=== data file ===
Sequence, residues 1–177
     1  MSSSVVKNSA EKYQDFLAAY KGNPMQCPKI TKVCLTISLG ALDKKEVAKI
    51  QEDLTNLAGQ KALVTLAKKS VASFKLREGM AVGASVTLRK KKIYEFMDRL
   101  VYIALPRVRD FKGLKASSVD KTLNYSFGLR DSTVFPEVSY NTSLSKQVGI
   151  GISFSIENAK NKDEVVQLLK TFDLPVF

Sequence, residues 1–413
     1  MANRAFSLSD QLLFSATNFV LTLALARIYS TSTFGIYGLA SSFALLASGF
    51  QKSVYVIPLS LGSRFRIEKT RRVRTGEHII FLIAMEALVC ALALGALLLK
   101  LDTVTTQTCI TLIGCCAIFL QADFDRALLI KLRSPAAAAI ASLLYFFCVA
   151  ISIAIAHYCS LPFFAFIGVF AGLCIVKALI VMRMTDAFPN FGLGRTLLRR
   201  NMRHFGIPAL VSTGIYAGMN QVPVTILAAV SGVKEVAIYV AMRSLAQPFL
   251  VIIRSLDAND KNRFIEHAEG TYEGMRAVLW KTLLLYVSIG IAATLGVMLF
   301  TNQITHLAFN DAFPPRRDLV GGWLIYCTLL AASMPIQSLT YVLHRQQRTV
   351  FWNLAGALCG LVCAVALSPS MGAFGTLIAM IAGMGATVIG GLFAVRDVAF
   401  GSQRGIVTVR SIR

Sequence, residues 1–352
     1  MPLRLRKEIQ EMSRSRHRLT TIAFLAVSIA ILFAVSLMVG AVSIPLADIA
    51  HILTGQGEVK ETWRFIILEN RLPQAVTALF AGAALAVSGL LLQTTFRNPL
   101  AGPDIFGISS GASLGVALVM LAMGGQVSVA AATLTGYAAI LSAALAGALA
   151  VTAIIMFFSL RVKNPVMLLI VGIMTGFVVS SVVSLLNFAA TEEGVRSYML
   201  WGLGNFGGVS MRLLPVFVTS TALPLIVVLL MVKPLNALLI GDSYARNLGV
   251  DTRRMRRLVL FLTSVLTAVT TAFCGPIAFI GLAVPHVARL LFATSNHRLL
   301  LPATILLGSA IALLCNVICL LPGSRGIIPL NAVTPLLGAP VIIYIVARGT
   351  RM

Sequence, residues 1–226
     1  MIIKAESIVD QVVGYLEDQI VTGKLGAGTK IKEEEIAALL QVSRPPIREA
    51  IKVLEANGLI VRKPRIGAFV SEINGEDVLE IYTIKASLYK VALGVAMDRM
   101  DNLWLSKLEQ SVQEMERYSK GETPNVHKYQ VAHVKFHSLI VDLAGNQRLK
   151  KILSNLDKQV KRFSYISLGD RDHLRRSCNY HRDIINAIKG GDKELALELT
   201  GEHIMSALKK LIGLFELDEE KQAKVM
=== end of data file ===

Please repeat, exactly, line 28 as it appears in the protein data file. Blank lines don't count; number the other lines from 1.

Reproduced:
   101  DNLWLSKLEQ SVQEMERYSK GETPNVHKYQ VAHVKFHSLI VDLAGNQRLK